Tuesday, February 06, 2007

Henry Waxman Laying the Smack Down

Democratic House Oversight and Government Reform Committee Chairman Henry Waxman is holding oversight hearings into the billions in waste, fraud, and abuse of U.S. funds in Iraq.

During today's hearings, Waxman called out the the State Department for blocking Timothy Carney from appearing at the hearing, apparently because the Bush administration has rushed him to Baghdad.

Later, Waxman took L. Paul Bremer III, the former U.S. occupation chief in Iraq, to task for failing to establish any control over billions of dollars in Iraqi funds.

Republican Rep. Tom Davis called it “Old news.” No, Tom, it's called oversight, and it's your job.

Support the Employee Free Choice Act

The Employee Free Choice Act is legislation that was brought up today in Congress that would:

1) establish stronger penalties for violation of employee rights when workers seek to form a union and during first-contract negotiations,

2) Provide mediation and arbitration for first-contract disputes, and

3) Allow employees to form unions by signing cards authorizing union representation.

The American Hotel & Lodging Association, of course, opposes it. Why? The AHLA says that the Act would be "a direct assault on the rights of every hotel worker in the U.S." So, according to the association that represents hotel companies with whom workers unions bargain, the above three results would be a detriment to workers rights. Riiight.

Click here to let your representative know you support workers' rights.

Monday, February 05, 2007

Monday Night Links

Since we've been out of pocket for a few days, here's a bunch of stories to catch you up with what's going on in the world:

  • Colorado's new law banning state spending on illegal immigrants has cost more than $2 million to enforce - and has saved the state nothing. I think Tom Tancredo's head just exploded.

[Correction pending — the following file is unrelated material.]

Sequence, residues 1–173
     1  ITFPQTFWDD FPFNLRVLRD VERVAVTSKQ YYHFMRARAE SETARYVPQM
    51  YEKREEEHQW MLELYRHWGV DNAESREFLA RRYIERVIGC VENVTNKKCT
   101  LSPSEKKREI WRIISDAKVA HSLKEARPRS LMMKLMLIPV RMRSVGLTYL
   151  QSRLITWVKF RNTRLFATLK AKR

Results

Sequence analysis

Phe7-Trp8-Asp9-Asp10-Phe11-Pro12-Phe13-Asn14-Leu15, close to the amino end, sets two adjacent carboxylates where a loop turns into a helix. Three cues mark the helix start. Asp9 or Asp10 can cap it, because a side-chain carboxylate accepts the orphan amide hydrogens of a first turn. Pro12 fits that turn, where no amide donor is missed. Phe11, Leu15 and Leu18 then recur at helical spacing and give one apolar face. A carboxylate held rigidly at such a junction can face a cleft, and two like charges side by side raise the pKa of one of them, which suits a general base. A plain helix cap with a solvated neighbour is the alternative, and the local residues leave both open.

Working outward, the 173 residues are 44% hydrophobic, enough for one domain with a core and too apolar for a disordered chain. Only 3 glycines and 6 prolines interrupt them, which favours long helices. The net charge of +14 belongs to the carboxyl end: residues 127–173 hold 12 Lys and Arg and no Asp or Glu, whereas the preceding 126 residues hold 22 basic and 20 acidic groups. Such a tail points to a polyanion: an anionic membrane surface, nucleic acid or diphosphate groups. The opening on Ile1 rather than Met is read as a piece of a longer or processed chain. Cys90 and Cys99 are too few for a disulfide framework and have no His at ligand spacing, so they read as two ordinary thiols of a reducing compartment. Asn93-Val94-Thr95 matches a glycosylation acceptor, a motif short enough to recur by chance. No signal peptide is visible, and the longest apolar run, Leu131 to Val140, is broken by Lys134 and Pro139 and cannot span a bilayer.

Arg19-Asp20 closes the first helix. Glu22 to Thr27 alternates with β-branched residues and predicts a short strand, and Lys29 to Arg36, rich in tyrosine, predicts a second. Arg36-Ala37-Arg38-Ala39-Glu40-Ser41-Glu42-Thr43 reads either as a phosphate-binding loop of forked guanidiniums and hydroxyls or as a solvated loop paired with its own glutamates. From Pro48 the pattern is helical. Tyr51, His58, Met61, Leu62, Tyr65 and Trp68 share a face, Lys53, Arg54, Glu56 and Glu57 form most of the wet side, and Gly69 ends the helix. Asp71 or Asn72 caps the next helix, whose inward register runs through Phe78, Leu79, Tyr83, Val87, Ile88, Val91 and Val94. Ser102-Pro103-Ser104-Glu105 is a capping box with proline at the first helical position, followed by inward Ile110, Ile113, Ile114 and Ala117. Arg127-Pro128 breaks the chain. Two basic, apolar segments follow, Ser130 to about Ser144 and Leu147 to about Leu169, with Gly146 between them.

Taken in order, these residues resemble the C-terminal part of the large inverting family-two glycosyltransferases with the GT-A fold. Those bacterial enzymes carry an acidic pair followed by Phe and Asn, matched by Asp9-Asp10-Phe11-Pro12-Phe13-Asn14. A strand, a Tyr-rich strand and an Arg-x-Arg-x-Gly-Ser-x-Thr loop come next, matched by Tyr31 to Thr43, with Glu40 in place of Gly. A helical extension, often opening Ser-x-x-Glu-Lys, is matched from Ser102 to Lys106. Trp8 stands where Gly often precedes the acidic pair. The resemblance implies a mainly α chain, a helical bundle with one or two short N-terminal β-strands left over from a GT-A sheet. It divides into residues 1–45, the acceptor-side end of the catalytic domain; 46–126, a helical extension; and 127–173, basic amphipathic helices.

• Landlords are expected to raise apartment rents for a third-straight year in 2007. With the projected rise of 5% this year, rents would be 14% higher than at the end of 2004. Over the same period, paychecks are expected to rise 4%, adjusted for inflation.

  • Bowing to local business community pressure, Los Angeles officials have rescinded a controversial law that raised the minimum wage for thousands of hotel workers in the mostly non-unionized airport corridor.

  • The U.S. lags far behind virtually all wealthy countries with regard to family-oriented workplace policies such as maternity leave, paid sick days and support for breast-feeding, a new study by Harvard and McGill University researchers says.

  • Democratic Senators Barack Obama of Illinois and Chuck Schumer of New York introduced legislation last week designed to punish attempts to deceive and intimidate voters.

  • Flordai Governor Charlie Crist wants to spend nearly $33 million to replace the state's ATM-style voting machines with systems that provide a clear paper trail.

  • Dollars for Darfur is a national high school fundraising effort to stop the genocide in Darfur. Half of the money raised will fund humanitarian efforts for Darfuri refugees and the other half will fund the advocacy efforts of the Save Darfur Coalition. It was started by Nick Anderson and Ana Slavin of Northfield Mount Hermon School in Massachusetts.

  • New York state has lifted a barrier that prevented Medicaid recipients from accessing emergency contraception medication without a prescription even after the federal government approved its over-the-counter sale last summer.

Alternative Energy News - February 5, 2007

  • Ecotourism goes urban: Hotels vary in steps to shrink their carbon footprint.

  • California Attorney General Jerry Brown, elected last November, has requested a meeting with automakers to discuss a resolution of the litigation currently in federal court between California and the automakers over greenhouse gas emissions from vehicles.

  • Jon Anda, Vice Chairman at Morgan Stanley, has agreed to serve as President of the new Environmental Markets Network, a collaboration designed to enlist top leaders of America's financial community to serve as advocates for market-based economic solutions to global environmental and climate issues.

  • The San Gabriel Valley is on the cutting edge of advancing alternative fuel technology, which has received additional attention due to new regulations.

  • Mayors attending the 75th Winter Meeting of The US Conference of Mayors have called for $4 billion in an Energy and Environmental Block Grant to help cities combat global warming.

  • By requiring everything from using smaller cars to embedding energy conservation into new college buildings, an executive directive by Democratic Gov. Kathleen Sebelius will change the way Kansas state government operates.

  • EPA staff scientists are recommending tightening the nation’s ground-level (tropospheric) ozone standards.